How to attract and retain the top talent

top talent
Share this post:

High-performing companies attract and retain high-performing staff.

But sometimes finding the right fit takes time. Time that you might not feel like you have.

However, it’s time that’s well worth it. Putting in the effort to attract and retain the best person for the role is an investment in your business.

Here are some steps you can take to attract and keep the top talent for your roles.

Don’t rush into it

When you have a senior team member leave your business, naturally you want to fill the position fast.

But fast doesn’t mean you should rush or take shortcuts. Doing so means you run the risk of hiring someone that’s not a good fit.

So while you’re replacing a key role, it’s still necessary to go through your regular hiring processes. You still need to advertise on the right platforms, review all applications carefully, and go through the interview and screening process. By missing any of these steps, you’re not just shooting yourself in the foot, you’re actually signalling to your potential talent that you’re in a rush.

Taking the time to perform all the right processes, and giving yourself the best chance of hiring the right talent, will deliver the best results for your business.

Offer competitive remuneration for top talent

You’re trying to find the right fit—so you need to offer a salary to match. This sounds obvious, but you’d be surprised at how often people write ‘competitive remuneration’ on a job ad and don’t actually offer anything competitive.

To attract the high-performers, you need to offer an attractive salary package from the outset. Make it competitive enough for them to stick around, too.

You’d probably know what a competitive salary looks like in your industry, but it doesn’t hurt to check. Hays and PayScale both have useful salary guides where you can check expected salaries for different roles, to make sure you’re in the right ballpark.

Offering a competitive salary shows you’re serious about getting the right person. It demonstrates that you care enough to hire someone who’s worth the money.

Go beyond the interview

Interviews never give you the full picture of who you’re talking to. Think about the worst interviews you’ve ever had—you know you were right for the role, but everything you said just came out wrong.

The same should be applied to good interviews, too. One interview isn’t enough to determine whether they’re the right fit for your business.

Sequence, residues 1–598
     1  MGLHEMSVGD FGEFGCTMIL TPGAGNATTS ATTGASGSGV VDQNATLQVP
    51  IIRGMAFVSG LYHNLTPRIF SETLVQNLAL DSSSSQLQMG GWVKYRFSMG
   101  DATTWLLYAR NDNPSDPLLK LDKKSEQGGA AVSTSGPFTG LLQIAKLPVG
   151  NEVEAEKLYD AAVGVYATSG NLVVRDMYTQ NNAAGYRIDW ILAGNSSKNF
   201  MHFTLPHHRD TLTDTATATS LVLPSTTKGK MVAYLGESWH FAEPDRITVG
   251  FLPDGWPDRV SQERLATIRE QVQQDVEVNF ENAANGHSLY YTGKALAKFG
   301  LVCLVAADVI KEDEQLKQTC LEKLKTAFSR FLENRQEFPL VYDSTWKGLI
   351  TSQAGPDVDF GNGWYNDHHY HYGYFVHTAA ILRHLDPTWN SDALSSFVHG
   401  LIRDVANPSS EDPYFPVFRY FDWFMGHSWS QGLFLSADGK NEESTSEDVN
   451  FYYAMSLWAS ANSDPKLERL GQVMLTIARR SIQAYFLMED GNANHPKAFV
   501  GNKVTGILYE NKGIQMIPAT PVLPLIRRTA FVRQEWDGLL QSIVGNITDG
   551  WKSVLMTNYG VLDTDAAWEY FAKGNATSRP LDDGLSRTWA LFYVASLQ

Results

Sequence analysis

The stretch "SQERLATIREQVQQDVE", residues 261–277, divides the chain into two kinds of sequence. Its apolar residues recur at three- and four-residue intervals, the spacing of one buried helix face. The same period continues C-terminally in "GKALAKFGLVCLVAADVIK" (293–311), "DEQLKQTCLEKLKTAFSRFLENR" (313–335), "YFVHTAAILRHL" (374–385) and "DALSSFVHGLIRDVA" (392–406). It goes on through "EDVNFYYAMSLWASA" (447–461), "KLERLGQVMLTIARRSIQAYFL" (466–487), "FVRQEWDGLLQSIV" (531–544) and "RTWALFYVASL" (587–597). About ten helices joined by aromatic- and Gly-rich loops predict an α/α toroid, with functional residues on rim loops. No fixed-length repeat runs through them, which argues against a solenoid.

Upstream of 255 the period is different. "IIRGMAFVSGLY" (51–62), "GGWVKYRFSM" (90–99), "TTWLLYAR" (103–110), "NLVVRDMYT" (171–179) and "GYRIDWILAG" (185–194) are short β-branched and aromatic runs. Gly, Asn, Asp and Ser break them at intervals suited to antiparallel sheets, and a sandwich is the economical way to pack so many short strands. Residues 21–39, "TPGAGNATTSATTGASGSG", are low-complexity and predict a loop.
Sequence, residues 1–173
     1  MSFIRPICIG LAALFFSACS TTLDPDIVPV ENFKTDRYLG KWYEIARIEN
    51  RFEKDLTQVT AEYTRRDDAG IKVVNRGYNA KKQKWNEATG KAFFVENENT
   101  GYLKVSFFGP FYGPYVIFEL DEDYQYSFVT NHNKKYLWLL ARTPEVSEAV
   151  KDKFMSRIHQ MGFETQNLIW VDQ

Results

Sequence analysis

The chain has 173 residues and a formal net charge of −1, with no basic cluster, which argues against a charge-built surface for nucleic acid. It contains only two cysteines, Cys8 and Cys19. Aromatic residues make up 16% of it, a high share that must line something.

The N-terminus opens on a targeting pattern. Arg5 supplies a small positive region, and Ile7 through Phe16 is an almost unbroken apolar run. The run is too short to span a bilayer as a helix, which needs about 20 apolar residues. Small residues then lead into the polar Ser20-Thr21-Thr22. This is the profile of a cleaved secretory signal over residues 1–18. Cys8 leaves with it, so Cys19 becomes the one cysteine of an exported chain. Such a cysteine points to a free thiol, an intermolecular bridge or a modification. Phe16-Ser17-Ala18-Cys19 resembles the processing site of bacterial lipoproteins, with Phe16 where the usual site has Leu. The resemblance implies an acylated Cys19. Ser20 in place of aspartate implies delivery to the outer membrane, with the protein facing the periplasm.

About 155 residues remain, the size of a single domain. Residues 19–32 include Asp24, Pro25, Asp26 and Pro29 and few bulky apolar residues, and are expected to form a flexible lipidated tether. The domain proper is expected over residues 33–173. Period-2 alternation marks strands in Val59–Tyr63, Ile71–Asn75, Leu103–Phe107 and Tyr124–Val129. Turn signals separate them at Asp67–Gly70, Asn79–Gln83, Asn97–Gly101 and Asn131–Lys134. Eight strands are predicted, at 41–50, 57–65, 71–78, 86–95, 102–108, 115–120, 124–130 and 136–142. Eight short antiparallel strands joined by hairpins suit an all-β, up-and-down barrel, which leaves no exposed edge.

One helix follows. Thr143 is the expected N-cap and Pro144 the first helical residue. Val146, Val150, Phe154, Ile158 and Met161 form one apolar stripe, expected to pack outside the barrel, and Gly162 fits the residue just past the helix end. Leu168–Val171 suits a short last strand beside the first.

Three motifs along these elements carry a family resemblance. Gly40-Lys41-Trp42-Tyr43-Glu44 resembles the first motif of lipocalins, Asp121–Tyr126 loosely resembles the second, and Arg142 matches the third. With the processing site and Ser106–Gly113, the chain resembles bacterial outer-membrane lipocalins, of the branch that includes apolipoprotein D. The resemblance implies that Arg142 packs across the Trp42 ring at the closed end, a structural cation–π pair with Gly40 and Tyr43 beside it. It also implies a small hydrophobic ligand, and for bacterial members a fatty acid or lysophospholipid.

If you’re after the top talent, it can be beneficial having your managers meet them too. Put them into non-interview situations to assess their skills, personality, and see how they think about the role. It could be as simple as bringing them in for a follow-up meeting (not an interview), or arranging a third-party provider to assess their skills.

Follow-up consultations with your potential hires allow you to assess if they’re a good fit for your culture. They might have the skills and knowledge to do the job, but do they fit the culture and community that you’ve built within your business?

You can’t really gauge this in an interview alone.

Get regular two-way feedback

Once you’ve made your new hire, it’s important to check in with them post-hire to make sure they’re settled and comfortable in their role. Get their feedback on how things are going.

Your role during this time is to nurture them. Not micromanaging, or anything like that, but giving them the support they need to really thrive in their new position.

Provide your new talent with regular review periods, based on constructive, supportive measures. You want to help them succeed in their new role, so give them the support they need to stick around.

How to move on from top talent

There’s always going to be the possibility that your new talent leaves. And if they do decide to move on, whether it’s one year down the track, or 20, you’ve done all the right things to get them there. So do the right things by them when they leave.

Besides treating their decision with the dignity and grace that it deserves, make sure they know they were valued at your company. Perform an exit interview to find out exactly why they’re leaving, and uncover any issues that may have been bubbling away without your knowledge.

This not only lets them clear the air, but it wraps things up nicely between you. It also gives you the chance to see where your business needs to make changes to reduce turnover rate in the future.

At the end of the day, you want to do more than fill a role. You’re looking to get the best person for your team, that’s going to be an asset to your business.

So put in the effort to find them. Put in the time. It’ll be well worth your while.

If you need help attracting top talent, we can put you in touch with some of the best recruitment agents. Contact us here.